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Friday Round-Up: Reverse Mortgage Fears, H4P Success at RFS

In a week that saw storm clouds gathering over the Department of Housing and Urban Development’s budget and new HUD Secretary Ben Carson generating controversy that had nothing to do with housing, RMD’s readers focused on a Q&A from researchers who say older Americans are still afraid of tapping into their home equity, a look at how a “silent generation” may be developing among reverse mortgage borrowers, and Retirement Funding Solutions’ path toward topping the Home Equity Conversion Mortgage for Purchase endorsement rankings after only 18 months in business.

In case you missed them the first time, here are the top five stories by traffic on RMD this week:

Urban Institute Researchers on Who’s Afraid of Reverse Mortgages — RMD readers carried on a lively discussion in the comments section of this spirited discussion with Karan Kaul and Laurie Goodman, researchers from the Urban Institute who recently explored the reasons why Americans aren’t using their home equity to supplement their retirement incomes. Fear and confusion top the list, and Kaul and Goodman also provided some interesting and potentially revolutionary suggestions for the future of the HECM program along the way.

A Reverse Mortgage Divide Grows As Borrower Motives Change — Anecdotal evidence from a reverse mortgage originator in the Washington, D.C. suburbs might be showing that there’s an age gap growing in the HECM market, as borrowers either take the line of credit soon after turning 62, or wait until facing immediate economic need in their 80s.

RFS Shares Blueprint for HECM for Purchase Success — Executives from the San Diego, Calif.-based Retirement Funding Solutions discussed how they came to be the dominant player in the HECM for Purchase program, building their brand on a combination of realtor/builder education and closing speed. 

Financial Assessment Gives New Shape to Reverse Mortgage Underwriting — In the post-FA world, underwriters are spending more time on each file and investigating extenuating circumstances, such as divorce, hospital stays, and property repairs. But does this mean they’re able to underwrite fewer files as a result?

WaPo: Trump Administration Mulling $6 Billion in HUD Cuts — The HUD budget proposals leaked to The Washington Post didn’t mention the HECM program, but the preliminary plans showed that the Trump administration and Carson are serious about slashing spending on domestic programs. Section 8, public-housing maintenance projects, and community development initiatives would all be on the chopping block if the proposals became reality, but Carson and various other officials cautioned that the 14% cut to the HUD budget was merely an internal starting point and not a firm policy.

Reverse Mortgages Around the Web

Reverse mortgages: A few benefits, but use caution — RMD reader Larry Waters, a senior reverse mortgage consultant at Resolute Bank, sent along this article from his local paper, The Spokesman-Review of Spokane, Wash. Teased at the very top of its Sunday, March 6 front page, the article attempts to strike a balanced pose but ultimately falls on the side of caution and gloom; despite some positive words from a mortgage professional, the piece is heavy on scare quotes.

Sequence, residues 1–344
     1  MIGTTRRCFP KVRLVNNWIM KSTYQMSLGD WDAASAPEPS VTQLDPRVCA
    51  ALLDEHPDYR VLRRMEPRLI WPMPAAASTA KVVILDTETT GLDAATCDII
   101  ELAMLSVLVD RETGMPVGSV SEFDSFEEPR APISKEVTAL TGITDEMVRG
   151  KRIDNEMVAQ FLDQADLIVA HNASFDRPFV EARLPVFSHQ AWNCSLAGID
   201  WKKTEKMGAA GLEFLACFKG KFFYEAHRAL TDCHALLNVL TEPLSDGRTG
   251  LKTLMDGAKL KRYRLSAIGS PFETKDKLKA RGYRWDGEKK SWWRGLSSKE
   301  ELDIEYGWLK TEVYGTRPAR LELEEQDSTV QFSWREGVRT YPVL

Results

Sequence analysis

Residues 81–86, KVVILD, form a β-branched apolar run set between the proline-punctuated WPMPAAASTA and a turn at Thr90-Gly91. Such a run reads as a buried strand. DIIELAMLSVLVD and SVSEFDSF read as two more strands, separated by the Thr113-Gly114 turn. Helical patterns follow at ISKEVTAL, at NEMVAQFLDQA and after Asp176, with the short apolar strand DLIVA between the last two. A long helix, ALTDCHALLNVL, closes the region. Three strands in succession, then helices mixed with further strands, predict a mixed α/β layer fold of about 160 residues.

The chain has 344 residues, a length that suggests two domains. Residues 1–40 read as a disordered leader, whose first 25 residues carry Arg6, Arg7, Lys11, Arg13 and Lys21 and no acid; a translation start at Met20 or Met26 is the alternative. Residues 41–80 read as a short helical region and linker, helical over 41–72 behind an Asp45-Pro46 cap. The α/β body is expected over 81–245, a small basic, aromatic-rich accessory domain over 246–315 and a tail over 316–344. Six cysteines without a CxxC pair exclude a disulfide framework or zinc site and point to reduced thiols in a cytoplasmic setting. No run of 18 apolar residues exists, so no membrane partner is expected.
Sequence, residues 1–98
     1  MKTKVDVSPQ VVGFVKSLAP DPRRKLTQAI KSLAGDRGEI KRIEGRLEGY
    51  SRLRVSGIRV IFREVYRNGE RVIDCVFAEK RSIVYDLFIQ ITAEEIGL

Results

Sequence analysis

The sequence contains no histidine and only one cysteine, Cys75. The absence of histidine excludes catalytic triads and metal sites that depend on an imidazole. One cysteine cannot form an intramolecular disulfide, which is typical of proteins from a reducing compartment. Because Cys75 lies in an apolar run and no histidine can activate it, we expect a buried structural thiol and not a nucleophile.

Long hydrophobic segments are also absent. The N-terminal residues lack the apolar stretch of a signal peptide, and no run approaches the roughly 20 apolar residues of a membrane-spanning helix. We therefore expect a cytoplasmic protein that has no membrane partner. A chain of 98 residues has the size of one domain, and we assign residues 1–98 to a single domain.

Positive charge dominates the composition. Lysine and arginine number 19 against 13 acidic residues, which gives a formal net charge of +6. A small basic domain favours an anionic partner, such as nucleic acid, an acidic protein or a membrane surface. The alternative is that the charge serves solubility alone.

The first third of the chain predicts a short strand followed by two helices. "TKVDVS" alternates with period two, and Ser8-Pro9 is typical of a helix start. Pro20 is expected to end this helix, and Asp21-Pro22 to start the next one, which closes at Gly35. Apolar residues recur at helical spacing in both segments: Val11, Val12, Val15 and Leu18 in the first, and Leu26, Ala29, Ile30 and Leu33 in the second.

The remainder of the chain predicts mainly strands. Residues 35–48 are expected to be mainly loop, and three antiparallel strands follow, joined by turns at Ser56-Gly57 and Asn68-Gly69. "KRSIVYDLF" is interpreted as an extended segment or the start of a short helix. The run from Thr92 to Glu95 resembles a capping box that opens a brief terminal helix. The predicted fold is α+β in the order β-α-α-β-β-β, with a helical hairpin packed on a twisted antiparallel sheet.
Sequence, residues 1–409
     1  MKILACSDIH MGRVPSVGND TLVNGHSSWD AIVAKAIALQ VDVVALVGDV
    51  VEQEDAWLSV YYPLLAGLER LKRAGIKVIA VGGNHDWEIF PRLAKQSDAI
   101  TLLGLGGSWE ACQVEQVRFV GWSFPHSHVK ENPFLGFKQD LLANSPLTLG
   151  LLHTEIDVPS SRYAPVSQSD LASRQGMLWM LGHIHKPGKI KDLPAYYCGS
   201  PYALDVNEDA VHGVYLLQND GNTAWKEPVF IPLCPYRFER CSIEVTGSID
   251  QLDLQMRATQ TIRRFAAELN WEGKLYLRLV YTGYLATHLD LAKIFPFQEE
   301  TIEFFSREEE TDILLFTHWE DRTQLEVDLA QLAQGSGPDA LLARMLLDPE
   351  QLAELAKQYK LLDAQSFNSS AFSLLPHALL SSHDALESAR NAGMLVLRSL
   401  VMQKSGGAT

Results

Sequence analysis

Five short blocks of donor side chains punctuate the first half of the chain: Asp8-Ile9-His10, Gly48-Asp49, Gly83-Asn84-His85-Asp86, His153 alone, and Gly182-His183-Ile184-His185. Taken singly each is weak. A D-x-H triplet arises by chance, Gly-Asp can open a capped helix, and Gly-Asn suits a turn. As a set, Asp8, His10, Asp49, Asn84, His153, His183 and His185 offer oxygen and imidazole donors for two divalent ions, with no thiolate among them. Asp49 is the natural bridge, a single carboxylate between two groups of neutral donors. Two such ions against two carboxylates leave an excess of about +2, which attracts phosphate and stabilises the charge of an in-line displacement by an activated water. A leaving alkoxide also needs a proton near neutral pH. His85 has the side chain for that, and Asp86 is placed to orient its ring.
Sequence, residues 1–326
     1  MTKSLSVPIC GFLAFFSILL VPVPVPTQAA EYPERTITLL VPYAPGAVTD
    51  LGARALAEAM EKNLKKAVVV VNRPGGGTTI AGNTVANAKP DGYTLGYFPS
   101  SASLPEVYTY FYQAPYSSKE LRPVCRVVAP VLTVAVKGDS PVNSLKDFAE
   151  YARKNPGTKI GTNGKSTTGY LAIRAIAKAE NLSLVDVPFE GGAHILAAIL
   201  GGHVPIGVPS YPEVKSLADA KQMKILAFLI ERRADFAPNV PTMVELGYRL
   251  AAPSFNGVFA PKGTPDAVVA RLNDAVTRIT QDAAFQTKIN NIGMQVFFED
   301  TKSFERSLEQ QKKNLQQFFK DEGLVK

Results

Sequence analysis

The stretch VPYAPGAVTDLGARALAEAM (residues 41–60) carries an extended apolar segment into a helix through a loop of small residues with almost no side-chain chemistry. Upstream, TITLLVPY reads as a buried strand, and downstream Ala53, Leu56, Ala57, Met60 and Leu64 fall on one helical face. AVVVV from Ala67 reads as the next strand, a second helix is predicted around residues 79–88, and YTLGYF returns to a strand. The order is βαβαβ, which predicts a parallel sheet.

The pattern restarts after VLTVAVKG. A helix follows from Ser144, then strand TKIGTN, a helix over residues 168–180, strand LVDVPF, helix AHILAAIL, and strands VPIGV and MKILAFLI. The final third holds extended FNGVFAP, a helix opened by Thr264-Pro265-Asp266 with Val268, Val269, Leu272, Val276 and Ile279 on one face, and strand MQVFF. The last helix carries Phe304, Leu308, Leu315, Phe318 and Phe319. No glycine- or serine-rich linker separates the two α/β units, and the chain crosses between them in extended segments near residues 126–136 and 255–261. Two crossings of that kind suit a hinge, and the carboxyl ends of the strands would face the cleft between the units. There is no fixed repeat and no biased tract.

“When commercials say, ‘All will be good,’ to me, this should be your last resort,” Washington state assistant attorney general Julia Dooris McGann told the Spokesman-Review, citing American Advisors Group commercials that “often depict” Tom Selleck and Fred Thompson — though the paper seems to be unaware that Thompson, a former Republican U.S. senator from Tennessee and actor on NBC’s “Law and Order,” died in 2015 and thus can no longer appear in new advertisements whether AAG wants him to or not. “There are some circumstances under which reverse mortgages make sense, but they’re rare,” she said.

“The article paints a grim picture of RM,” Waters wrote in his email. “It’s like a step backwards for my area.”

Remember, if you see a story in your local media — in print, on television, or online — that mischaracterizes HECMs, always feel free to drop me a line so it can appear in RMD’s Friday Round-Up.

Are You Wrong About Reverse Mortgages? — Steven Cooley, the AVP of digital marketing for Finance of America Reverse, takes to the ConsumerAffairs blog to ask readers if everything they know about reverse mortgages is wrong. Calling on consumers to do research before jumping to preconceived conclusions, Cooley writes, “Reverse mortgages have gone through many changes and variations since the time it was introduced to the public. We know you’re smart. We respect your knowledge and wisdom.”

Selling by Educating: Lessons Learned at RMF — Huffington Post contributor Naphtali Hoff talks to Reverse Mortgage Funding president David Peskin about how his company approaches HECM marketing, especially given the not-so-sterling past of the product; Hoff writes that many consumers consider reverse mortgages to be a “bank grab” that will eventually leave them out on the street. Peskin discusses RMF’s emphasis on the “flexible payment” option, which RMD covered last month, as well as the company’s educational outreach initiatives.

Written by Alex Spanko